Jewish Artists Initiative of Southern California (JAI) Flashpoints: A Collective Response – Jerusalem Biennale 2017

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Flashpoints: A Collective Response is a stunning new exhibition of murals created by the Jewish Artists Initiative of Southern California (JAI) for the 2017 Jerusalem Biennale. JAI is an artist-run organization dedicated to visual art by Jewish artists and the promotion of a dialog about Jewish identity in the arts community. This collective spirit is especially evident in the collaborative project currently being undertaken for the Jerusalem Biennale.

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With the theme of the Biennale being“Watershed,” a moment of important change, JAI decided a collaborative work based on the watershed of America’s highly visible political divide was the appropriate undertaking. Designed to raise a collective voice, this highly ambitious undertaking features five large-scale collaborative murals. Each mural focuses on watershed moments, particularly those which had a lasting effect on the world.

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The mural teams were given these subjects: Civil Rights, Water, Nationalism, Human Rights, Political Polarization. The process follows the framework of the Surrealist parlor game, “Exquisite Corpse,” as a way to explore both the divisions in the U.S. today and the desire for unity. The game requires each participant to draw an image on a sheet of paper, fold it to conceal what they drew and pass it to the next player. Once unfolded, the drawings present a larger truth, a sum of the individual artistic parts. In the same fashion, each mural was created to tell a unique story of change and challenge.

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According to JAI board member and mural curator Georgia Freeman-Harvey, “The decision to create a series of murals came about because we were trying to think how to position ourselves at the Biennale  and what would make us stand out, what would be a challenge for us, and be something different than a collection of individual work. Looking at the Exquisite Corpse game structure with its surprise element and loose connection between each part was an inspiration,” she adds. “In the game, everyone hides what they have done and the next person takes over – you can get all sorts of wonderful combinations of things.  Traditionally with the game, it’s a human figure, but we allowed each group to just explore their subject.”

The results are something special indeed, with art that is linked and lovely, mysterious and mythic.

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Working with an outside juror, Emily Zaiden, a Los Angeles based curator from the Craft in America Center, teams were compiled, and mural curators selected: Ann Hromadka Greenwald and Georgia Freedman-Harvey, who then, along with the JAI executive committee, selected the mural themes and what each would encompass. Freedman-Harvey is an independent curator and the curator for the Platt/Borstein Galleries at American Jewish University; Hromadka Greenwald is a curator, educator, and founder of AMH Art Advisory, an LA based art consulting firm.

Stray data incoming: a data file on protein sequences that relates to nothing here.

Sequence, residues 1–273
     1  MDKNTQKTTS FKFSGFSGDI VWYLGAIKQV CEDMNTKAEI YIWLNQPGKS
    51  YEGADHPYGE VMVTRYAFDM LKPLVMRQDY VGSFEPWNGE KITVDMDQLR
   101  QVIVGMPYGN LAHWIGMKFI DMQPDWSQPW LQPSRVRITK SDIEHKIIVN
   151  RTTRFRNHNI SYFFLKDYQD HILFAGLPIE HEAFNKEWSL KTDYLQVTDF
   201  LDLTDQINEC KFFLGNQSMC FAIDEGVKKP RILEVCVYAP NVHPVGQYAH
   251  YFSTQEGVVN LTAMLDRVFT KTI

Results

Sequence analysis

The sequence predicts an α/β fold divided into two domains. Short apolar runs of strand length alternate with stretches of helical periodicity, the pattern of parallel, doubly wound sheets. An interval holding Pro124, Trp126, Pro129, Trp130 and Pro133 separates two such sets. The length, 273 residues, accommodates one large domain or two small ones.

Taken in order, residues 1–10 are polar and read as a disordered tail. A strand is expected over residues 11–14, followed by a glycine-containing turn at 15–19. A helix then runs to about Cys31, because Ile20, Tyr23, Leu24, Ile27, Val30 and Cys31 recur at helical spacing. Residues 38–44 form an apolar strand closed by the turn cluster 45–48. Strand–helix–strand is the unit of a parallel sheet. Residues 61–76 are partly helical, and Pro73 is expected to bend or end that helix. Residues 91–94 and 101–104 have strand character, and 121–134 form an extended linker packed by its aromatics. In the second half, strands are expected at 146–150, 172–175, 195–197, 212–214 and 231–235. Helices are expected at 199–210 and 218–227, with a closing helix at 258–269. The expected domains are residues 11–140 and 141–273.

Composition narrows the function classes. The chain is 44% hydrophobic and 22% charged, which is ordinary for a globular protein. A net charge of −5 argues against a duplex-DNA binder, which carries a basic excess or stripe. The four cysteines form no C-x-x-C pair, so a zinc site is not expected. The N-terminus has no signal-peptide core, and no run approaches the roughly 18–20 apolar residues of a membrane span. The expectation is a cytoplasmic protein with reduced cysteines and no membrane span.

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The Civil Rights mural includes images referencing the Civil Rights Act, Black Lives Matter, and Immigration; artists for this project are Elena Siff, Melinda Smith Altshuler, Judy Dekel, and Ellen Cantor. Artists working on the Water project, which features images of the California drought, and Israeli water rights include Randi Matushevitz, Cathy Weiss, Lorraine Bubar, and Karen Frimkess Wolff. The Nationalism mural, which references the changing understanding of nation-states, as well as Zionism, features the work of artists Avi Roth, Ruth Weisberg, Marisa Mandler, and Bill Aron; while the artists working on the Human Rights Mural, with references to Feminism, the global refugee crisis, and LGBTQ issues include Doni Silver Simons, Renee Amitai, Marleene Rubenstein, and Nancy Goodman Lawrence. The Political Polarization mural emphasizes images of the great recession and the 2016 elections, and includes the work of artists Susan Gesundheit, Jackie Nach, and Debra Sokolow.

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Hromadka Greenwald and Freedman-Harvey will review the results of each team’s collaboration and help select the final images to be created for each. The group meetings allow the artists to create designs, sketches, and renderings for the final murals.

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“When we submitted our proposal to the Biennale, we really talked about how to develop and understand what we thought were very important watershed moments within our own country. We gave the artists this chance to blend and mesh within their particular watershed moments, and let them stand out individually, but collectively present a stronger message about that watershed moment,” Freedman-Harvey relates.

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When submitting samples of their work for consideration, the artists were asked to choose their first and second choice as to which mural group category they wanted to be a part of, as Freedman-Harvey explains. “We then had to really think about what art would work well together, and what topics made the most sense. We left it to the juror to look at the quality of pieces submitted. We felt it was important to use an outside person to do the final selection, and we ended up with five really strong teams.”